Tom Wolfe said that “One belongs to New York instantly.” Celia Novis, journalist, screenwriter, and director, knows a lot about that.
Her second feature film, Sole Survivor, brings us closer to La Nacional – Spanish Benevolent Society, the only living witness from what once was Little Spain, the Spanish neighborhood in the Big Apple. The movie has achieved the Spanish Consulate’s official support and a crowdfunding campaign has been started to allow Celia to perform her passion, giving voice to the unknown.
We meet with her in Miami to talk about La Nacional’s living history, the Spanish culture in New York and the other main focus of her documentary film, Art.
What is so special about La Nacional that moved you to make this documentary?
La Nacional – Spanish Benevolent Society is the oldest Spanish society in the United States. It was founded on 1868 and performed a crucial function for the Spanish immigrants who arrived after 14 or 15 days on a boat. It was the first place they would go to, hungry, without any money, without knowing the language, and there they could find food, clothes and even rooms where they could sleep. It was, let’s say, like being home thousands of miles away.
It is also the only place that survived from what once was Little Spain, the Spanish neighborhood in Manhattan. Although they had good times in the 40s, 50s and 60s, after that there was a period with a lot of criminality related to drugs and Little Spain disappeared. La Nacional was about to be sold five years ago, but it survived, it is the only survivor. That’s why we called the movie Sole Survivor.
What do you think kept it in place?
Some people, descendants from Spaniards, lovers of the Spanish culture and people from the neighborhood started a fundraising and joined forces in a campaign aimed to stop the society’s closing. It was the only footprint of a neighborhood that had been very important, with up to 40 Spanish businesses. In the block between 7th and 8th Avenues, in 14th St. and a little bit of its surroundings, Spanish was the only spoken language. There were even 15.000 Spaniards registered, although this is still an unsure number. La Nacional was its only living footprint. Some people saved it and now it is living its second golden age.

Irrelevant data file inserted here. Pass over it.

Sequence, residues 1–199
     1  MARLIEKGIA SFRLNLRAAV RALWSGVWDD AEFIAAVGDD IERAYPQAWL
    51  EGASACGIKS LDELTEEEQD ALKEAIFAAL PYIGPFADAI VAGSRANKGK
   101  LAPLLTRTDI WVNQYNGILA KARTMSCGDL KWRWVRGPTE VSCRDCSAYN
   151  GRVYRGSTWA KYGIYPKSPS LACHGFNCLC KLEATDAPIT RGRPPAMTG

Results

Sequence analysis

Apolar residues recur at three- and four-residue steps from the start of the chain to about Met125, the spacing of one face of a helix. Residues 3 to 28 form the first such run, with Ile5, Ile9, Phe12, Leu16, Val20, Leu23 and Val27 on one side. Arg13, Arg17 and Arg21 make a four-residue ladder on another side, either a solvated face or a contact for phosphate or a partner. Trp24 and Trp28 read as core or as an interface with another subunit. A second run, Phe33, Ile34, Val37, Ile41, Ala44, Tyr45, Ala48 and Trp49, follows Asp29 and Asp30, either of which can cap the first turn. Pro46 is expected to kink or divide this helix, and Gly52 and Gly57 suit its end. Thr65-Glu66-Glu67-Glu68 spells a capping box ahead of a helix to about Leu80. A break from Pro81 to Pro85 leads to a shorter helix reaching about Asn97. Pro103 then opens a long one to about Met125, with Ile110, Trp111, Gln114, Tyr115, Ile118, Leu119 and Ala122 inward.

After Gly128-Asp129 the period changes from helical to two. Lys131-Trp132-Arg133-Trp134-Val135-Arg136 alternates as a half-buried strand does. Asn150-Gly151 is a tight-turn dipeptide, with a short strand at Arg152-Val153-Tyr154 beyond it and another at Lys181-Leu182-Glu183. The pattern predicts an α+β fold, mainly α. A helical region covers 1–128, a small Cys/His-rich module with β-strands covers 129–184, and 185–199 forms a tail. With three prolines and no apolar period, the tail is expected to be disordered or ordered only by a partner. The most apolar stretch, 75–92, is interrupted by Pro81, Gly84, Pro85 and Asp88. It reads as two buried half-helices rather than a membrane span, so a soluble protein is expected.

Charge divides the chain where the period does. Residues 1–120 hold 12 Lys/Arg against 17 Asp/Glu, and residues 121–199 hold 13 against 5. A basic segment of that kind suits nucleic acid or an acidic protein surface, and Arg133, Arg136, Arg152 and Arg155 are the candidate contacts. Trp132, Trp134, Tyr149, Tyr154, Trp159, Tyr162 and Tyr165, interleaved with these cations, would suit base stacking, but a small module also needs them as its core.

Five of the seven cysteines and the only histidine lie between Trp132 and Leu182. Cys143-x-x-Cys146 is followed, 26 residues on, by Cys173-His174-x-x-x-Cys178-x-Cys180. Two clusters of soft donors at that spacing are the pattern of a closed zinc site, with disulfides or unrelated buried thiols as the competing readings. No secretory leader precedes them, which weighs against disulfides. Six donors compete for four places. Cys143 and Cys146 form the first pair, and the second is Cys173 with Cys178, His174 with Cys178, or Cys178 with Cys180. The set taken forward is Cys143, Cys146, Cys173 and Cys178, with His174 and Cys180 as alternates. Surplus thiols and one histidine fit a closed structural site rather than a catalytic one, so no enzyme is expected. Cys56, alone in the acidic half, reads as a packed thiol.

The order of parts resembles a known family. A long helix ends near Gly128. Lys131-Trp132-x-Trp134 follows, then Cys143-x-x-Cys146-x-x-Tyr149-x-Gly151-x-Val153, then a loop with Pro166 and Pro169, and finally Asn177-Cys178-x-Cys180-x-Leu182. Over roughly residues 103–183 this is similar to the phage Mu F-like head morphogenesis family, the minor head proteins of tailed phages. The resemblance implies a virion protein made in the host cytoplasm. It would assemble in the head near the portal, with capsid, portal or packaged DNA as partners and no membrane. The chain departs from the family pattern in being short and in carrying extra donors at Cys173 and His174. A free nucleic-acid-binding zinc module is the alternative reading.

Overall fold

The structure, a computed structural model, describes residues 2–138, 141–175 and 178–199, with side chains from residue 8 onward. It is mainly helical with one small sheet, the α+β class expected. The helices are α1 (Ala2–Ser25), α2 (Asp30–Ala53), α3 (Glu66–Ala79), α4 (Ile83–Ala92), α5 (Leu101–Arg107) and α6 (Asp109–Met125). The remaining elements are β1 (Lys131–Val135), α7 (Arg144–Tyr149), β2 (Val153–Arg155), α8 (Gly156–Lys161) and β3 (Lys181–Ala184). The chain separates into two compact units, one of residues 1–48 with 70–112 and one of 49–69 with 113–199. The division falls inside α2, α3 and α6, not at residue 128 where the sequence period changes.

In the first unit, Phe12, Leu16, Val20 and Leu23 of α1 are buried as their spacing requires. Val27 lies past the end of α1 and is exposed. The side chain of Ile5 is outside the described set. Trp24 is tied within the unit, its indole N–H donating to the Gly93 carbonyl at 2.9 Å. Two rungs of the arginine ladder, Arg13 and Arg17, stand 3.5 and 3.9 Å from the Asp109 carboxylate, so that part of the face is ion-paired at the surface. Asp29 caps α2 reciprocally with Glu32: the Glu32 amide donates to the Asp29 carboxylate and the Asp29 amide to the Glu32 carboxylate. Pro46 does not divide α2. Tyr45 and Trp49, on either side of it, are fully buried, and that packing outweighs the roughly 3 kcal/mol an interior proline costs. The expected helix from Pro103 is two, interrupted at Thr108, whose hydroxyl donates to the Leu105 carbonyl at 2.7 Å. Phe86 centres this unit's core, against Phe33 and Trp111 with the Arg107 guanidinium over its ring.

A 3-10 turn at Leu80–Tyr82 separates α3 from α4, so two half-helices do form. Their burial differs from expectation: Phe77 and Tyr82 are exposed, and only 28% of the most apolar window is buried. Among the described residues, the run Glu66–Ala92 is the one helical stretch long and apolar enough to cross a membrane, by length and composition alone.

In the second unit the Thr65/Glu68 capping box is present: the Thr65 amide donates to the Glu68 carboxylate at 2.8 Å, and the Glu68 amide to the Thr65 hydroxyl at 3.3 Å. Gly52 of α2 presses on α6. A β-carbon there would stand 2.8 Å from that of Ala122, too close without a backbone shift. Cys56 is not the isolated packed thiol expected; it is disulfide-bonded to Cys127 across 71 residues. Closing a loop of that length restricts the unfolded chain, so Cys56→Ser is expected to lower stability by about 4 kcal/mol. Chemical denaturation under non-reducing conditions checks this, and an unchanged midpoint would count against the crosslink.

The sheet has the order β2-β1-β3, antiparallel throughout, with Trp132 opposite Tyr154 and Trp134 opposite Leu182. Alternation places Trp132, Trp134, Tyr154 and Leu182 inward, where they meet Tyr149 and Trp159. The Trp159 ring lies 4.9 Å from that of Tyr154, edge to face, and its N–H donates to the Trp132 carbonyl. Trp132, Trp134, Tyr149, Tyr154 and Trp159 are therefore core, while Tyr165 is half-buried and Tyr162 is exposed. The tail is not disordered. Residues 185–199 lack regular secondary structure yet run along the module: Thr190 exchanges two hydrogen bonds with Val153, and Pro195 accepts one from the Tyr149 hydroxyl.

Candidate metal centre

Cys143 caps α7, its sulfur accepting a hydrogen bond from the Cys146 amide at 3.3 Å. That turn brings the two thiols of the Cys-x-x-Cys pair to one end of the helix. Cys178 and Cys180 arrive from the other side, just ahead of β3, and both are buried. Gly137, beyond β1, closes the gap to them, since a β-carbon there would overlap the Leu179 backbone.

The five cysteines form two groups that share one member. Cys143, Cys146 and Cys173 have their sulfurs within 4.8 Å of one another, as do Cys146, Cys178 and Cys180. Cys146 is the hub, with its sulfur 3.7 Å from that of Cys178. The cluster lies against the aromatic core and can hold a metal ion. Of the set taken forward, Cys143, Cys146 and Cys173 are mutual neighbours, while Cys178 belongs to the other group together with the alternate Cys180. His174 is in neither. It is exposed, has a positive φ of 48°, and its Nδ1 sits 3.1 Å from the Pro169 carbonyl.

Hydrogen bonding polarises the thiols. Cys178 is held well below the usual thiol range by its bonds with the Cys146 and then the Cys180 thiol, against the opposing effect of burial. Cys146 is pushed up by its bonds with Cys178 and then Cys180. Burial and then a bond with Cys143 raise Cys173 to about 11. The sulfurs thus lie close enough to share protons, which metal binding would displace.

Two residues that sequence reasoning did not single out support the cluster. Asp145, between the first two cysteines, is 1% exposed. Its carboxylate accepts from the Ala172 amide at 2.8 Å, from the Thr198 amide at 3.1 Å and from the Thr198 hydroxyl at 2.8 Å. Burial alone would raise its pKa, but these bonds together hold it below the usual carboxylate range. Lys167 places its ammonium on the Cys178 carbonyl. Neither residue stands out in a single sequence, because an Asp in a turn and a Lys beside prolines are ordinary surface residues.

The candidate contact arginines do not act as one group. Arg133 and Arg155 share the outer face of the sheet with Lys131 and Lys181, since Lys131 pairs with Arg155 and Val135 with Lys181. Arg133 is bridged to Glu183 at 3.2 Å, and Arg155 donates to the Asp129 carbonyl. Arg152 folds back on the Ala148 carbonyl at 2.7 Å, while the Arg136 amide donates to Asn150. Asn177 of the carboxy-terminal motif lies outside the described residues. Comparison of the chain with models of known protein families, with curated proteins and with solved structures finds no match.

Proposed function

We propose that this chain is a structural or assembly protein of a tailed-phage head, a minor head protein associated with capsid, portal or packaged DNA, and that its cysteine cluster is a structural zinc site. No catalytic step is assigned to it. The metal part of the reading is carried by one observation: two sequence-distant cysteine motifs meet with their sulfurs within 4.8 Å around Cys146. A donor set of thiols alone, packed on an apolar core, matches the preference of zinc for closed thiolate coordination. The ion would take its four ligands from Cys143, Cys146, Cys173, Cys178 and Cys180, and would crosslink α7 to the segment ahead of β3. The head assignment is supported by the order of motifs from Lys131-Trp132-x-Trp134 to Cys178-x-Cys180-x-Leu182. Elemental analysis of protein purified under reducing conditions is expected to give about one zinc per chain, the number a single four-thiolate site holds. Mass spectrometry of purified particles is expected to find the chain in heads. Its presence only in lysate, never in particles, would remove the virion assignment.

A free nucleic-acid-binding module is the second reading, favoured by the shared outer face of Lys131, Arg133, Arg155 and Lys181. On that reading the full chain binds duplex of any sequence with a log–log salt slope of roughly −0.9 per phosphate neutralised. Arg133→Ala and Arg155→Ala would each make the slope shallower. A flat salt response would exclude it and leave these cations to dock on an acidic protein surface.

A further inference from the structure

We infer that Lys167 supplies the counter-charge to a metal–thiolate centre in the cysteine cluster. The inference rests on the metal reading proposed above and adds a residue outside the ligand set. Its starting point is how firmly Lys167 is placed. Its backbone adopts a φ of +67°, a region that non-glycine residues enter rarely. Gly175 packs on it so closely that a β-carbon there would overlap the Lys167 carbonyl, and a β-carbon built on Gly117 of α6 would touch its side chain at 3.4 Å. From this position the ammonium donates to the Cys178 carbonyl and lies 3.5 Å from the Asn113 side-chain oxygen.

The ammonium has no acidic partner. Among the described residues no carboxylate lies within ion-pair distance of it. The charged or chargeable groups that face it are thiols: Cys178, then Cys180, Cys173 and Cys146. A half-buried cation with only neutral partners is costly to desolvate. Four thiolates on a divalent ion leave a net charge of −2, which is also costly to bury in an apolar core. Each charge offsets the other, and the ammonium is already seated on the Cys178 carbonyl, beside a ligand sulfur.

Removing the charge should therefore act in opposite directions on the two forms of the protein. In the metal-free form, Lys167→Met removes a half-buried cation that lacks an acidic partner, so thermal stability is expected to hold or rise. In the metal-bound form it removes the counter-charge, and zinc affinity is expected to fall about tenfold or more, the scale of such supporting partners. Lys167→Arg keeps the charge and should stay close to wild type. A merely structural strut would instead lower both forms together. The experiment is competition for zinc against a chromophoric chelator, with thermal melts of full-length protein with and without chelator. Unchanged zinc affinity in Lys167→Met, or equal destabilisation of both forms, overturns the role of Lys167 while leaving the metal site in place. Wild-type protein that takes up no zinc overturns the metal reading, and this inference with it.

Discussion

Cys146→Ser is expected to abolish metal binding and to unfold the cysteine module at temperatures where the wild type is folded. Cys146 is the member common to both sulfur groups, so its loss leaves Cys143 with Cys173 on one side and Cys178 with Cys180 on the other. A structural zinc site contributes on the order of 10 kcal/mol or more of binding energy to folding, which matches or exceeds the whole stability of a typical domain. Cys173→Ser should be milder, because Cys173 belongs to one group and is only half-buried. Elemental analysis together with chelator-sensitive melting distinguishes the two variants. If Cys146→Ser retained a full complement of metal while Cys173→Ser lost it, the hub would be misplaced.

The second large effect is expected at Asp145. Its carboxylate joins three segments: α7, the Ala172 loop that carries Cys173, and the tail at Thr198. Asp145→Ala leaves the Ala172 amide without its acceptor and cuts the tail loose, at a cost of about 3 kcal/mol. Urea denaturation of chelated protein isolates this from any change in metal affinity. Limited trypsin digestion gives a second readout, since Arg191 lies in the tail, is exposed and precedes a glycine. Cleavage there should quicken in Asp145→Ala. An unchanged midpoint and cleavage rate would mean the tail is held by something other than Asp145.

Has the new wave of immigration helped this new golden age?
La Nacional is not a charity anymore, as the Spaniards who come to the city nowadays, come in a different way. We arrive to the States with a better education, knowing the language and with the medical insurance covered. Right now, it is a center of cultural meetings, where we get together to share our culture and encourage people to learn Spanish. We also celebrate New Year’s Eve, eating grapes of course! Traditions are kept between Spaniards and people who are interested in the Spanish culture.
Painter Domingo Zapata joins you in this journey called Sole Survivor. What is the role of Art in this movie?
It plays quite an important role. The movie has two main focusses: La Nacional, which speaks in first person and the painting that Domingo Zapata creates after our script. He gets inspired in the script and, according to his way of understanding art and understanding our movie, he composes a painting. Thereafter, in the movie, we go from some elements present in the painting, which refer to a specific time or detail that caught his attention, to the history of immigrants and the society.
Like a guiding threat…
Indeed, it is the guiding threat. And it is something I knew from the very beginning. Manel (Ferrera, co-producer) met Domingo and always wanted to shoot him painting. He has so much strength in camera, he is a camera animal! At the end, that did not come through but I stuck with the idea of including him in our movie about immigrants. Domingo is an immigrant himself, who came to the United States fifteen years ago and reached his American dream. He loved the story and he is actually going to donate the painting to La Nacional. And here, there is a wink. In this society, there are a lot of legends. They say that among all the pieces that the artists have left there, there was a Sorolla, which of course disappeared when the society was plundered. He donated the painting in the first golden age of the center and, now, Domingo is going to donate his in the second golden age. It is like a mirror story, I just hope this painting does not disappear. To me, it is great that La Nacional is so full of legends; I love to think that every story has an aura of mystery. If you give the same importance to facts and legends, you will get a beautiful story.
You said that there were 15,000 Spaniards registered and mentioned how important La Nacional was to them. But, how important was that wave of Spanish immigrants to New York?